Helping Manufacturers And Distributors
Improve Sales Performance And Profitability
Published by the Industrial
Performance Group, Inc.
No. 29

Value-Based Selling

Today the Customer, Not the Marketing Department, Defines Value

The past thirty years have transformed the business landscape for manufacturers and distributors alike. Where sales forces were once occupied with communicating features and benefits, today they must work with each customer to create value as the customer defines it.

Times have changed, but many manufacturers and distributors have not kept pace. Unfortunately, the majority of today’s sales forces are out of sync with the realities of the marketplace.

This is a major source of conflict between manufacturers and distributors, as both struggle to compete in this new environment using sales strategies and tactics from the past. To understand how this happened, it is helpful to see how the marketplace evolved in recent decades.

1970s: “Talking Brochures” and “Make and Sell” Marketing

If we could go back to the 1970s, we would see a landscape in most industries that is very different from what we experience today. Thirty years ago, competitive advantage was gained primarily by acquiring and managing tangible assets, such as plants, capital equipment and raw materials. The value proposition — product attributes, configuration, availability, pricing — was defined by the manufacturer’s marketing department. Marketing identified the needs of the many based on the input of a few prospective customers gathered in focus groups.

Once marketing had defined the value proposition, they would then develop the messages used to communicate this value
proposition to prospective customers. These messages contained the standard smattering of features and benefits, along with a number of “soft differentiators,” such as brand image and other non-specific claims of quality and performance.
These were the final glory days of the “make and sell” approach to marketing.
The role of sales was to identify prospective customers and then communicate these highly crafted messages to them. The assumption was that if you communicated the right marketing message to enough people, you would generate the sales volume needed to support the product. In essence, the sales force became the talking version of the marketing department’s brochure.

The customers’ role during this period was to listen to the various value proposition messages communicated by salespeople, then select the one that best fit their needs. With no Internet to turn to, customers relied on the salesperson as their primary source for decision-making information — mainly because there were no other sources for this information.

The fundamentals of this sales model — communicating the right message to a large number of prospective customers, which would hopefully result in an acceptable level of sales — became known as the sales funnel, often referred to as “churn.”

1980s: Wider Markets, Lower Costs, Greater Customer Choice

During the 1980s, deregulation of a number of key industries changed the dynamics of the marketplace. Deregulation of the trucking industry gave rise to the interstate parcel pick-up and delivery industry, which in turn fueled the rapid growth of catalog sales. Today, catalog sales is a $90 billion a year industry, representing four percent of all U.S. consumer purchases.

Deregulation of another key industry — telecommunications —
increased the availability of low-cost wide-area telephone service (WATS), more commonly known as 800 numbers. This greatly increased the ability of distributors and retailers to cover a wider market area for lower costs.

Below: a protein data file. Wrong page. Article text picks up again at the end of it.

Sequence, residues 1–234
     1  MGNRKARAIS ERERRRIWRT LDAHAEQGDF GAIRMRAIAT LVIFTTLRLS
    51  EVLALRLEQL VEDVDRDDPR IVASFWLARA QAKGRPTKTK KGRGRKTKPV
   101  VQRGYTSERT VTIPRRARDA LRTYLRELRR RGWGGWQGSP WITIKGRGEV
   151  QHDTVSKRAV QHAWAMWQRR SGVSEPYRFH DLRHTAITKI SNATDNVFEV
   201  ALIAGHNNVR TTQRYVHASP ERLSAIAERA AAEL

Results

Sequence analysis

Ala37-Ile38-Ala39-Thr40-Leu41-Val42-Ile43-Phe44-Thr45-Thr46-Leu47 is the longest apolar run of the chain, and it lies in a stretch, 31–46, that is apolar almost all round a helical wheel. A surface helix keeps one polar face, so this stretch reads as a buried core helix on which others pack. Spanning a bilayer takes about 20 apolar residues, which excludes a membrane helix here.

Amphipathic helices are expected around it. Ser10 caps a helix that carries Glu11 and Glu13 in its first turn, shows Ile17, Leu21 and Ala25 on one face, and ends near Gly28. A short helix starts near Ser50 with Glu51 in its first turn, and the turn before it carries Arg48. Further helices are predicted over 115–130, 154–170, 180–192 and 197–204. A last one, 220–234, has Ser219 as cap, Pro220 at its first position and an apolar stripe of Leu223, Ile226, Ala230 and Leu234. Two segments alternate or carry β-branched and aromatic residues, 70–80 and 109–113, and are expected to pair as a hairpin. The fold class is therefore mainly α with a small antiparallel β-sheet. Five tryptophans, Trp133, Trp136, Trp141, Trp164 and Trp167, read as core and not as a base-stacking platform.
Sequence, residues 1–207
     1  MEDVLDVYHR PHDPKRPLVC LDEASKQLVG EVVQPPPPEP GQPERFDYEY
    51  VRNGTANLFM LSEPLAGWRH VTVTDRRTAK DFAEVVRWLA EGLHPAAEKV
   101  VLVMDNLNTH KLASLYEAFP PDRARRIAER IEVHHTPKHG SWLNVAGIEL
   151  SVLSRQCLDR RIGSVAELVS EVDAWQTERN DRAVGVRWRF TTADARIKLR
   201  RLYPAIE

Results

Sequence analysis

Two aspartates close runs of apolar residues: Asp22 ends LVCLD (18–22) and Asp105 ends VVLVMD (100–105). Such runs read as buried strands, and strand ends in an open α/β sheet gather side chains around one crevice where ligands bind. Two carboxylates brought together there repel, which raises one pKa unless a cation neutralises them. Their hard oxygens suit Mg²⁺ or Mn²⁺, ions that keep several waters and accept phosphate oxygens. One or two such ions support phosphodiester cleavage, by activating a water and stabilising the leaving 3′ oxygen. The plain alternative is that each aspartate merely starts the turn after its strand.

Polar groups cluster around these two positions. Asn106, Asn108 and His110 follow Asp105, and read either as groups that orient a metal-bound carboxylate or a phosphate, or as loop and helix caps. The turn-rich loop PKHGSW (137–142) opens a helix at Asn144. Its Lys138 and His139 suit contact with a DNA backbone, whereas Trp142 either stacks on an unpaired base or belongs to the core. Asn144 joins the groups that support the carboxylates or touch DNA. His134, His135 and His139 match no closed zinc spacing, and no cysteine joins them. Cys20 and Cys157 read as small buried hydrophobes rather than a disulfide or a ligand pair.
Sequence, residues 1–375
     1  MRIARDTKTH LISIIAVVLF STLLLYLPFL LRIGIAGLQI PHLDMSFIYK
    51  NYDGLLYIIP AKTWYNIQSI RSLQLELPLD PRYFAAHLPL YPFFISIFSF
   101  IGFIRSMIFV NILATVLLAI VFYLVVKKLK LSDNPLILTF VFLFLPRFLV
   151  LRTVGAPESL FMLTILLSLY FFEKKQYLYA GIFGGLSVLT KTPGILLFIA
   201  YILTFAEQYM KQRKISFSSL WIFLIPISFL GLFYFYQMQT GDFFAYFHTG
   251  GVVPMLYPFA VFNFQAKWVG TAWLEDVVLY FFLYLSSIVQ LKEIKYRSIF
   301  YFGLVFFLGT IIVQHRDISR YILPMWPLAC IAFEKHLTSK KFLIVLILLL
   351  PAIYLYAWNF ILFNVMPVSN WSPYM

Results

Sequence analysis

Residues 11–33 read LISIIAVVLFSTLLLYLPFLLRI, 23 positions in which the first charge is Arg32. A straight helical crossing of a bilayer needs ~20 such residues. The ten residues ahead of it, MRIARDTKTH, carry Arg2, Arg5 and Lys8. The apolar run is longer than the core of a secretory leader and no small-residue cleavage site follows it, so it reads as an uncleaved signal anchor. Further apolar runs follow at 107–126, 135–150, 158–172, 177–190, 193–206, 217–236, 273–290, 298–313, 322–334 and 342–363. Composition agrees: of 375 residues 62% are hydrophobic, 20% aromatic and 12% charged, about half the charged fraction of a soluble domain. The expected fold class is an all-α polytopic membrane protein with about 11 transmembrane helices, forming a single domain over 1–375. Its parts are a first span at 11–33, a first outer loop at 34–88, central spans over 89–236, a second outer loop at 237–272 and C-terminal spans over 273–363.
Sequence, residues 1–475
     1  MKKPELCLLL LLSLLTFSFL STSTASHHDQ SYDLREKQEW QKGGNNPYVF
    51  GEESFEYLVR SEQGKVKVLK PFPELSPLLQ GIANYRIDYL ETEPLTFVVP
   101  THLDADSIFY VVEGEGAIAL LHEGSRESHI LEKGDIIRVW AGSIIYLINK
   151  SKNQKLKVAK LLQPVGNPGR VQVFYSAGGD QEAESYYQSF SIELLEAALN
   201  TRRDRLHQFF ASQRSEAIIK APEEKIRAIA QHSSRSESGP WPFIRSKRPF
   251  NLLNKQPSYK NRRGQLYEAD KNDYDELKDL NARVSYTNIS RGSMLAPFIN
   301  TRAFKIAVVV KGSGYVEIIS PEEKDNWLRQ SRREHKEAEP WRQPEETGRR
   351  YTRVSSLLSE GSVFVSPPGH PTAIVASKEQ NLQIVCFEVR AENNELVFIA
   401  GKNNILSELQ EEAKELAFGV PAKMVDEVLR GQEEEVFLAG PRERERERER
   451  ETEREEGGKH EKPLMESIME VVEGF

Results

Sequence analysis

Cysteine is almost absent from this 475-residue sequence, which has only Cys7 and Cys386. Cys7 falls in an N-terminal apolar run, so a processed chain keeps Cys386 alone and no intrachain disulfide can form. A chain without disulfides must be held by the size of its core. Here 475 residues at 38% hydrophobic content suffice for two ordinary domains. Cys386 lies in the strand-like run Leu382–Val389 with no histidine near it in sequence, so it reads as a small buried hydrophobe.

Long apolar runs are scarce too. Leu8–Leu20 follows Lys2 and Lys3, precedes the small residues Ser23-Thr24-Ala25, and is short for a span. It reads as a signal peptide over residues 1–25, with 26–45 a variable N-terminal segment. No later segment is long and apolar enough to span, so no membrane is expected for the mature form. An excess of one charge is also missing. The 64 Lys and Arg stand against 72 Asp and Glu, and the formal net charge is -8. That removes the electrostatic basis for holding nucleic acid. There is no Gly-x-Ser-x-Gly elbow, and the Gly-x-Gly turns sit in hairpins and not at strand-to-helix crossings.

These changes resulted in new business models that provided
customers with access to better information, more product choices, and price advantages ranging from 10% to 20%. The balance of power was beginning to swing toward the customers.

While the sales model was beginning to change, most sales force managers continued to spend millions of dollars on features/benefits-based sales training. Such training was designed to help sales people better communicate the marketing department’s value proposition to prospective customers.

1990s to Present: Globalization, the Internet and
Customer-Defined Value

As we moved into the 1990s, major changes began to occur at a faster rate. Asia and Latin America emerged as producers of high-quality, low-cost products. This contributed to the globalization of markets and the commoditization of many products.

The Internet, once the domain of researchers and academics, became an information superhighway readily accessible to everyone. Customers gained access to high-quality decision-making information and numerous sources of supply. The balance of powe
r shifted completely to the customers, who now defined their own individual value propositions.

Customer access to high quality decision-making information, commoditization of products, and numerous sources of supply
have combined to empower customers. Today customers are no longer willing to listen to the salesperson’s description of how the marketing department defines value.

With “make and sell” marketing obsolete, successful sales and marketing now relies on learning and responding to customer needs. The role of sales has evolved from communicating a predefined value proposition to working with the customer to create their own unique value proposition.

Yet most sales forces have not made this transition. To survive and prosper in this new environment, sales force management and personnel must recognize and accept that the customer — not the marketing department — defines the value proposition. Sales is no longer about doing a good job of communicating features and benefits. It’s about working with each customer to create value as the customer defines it.

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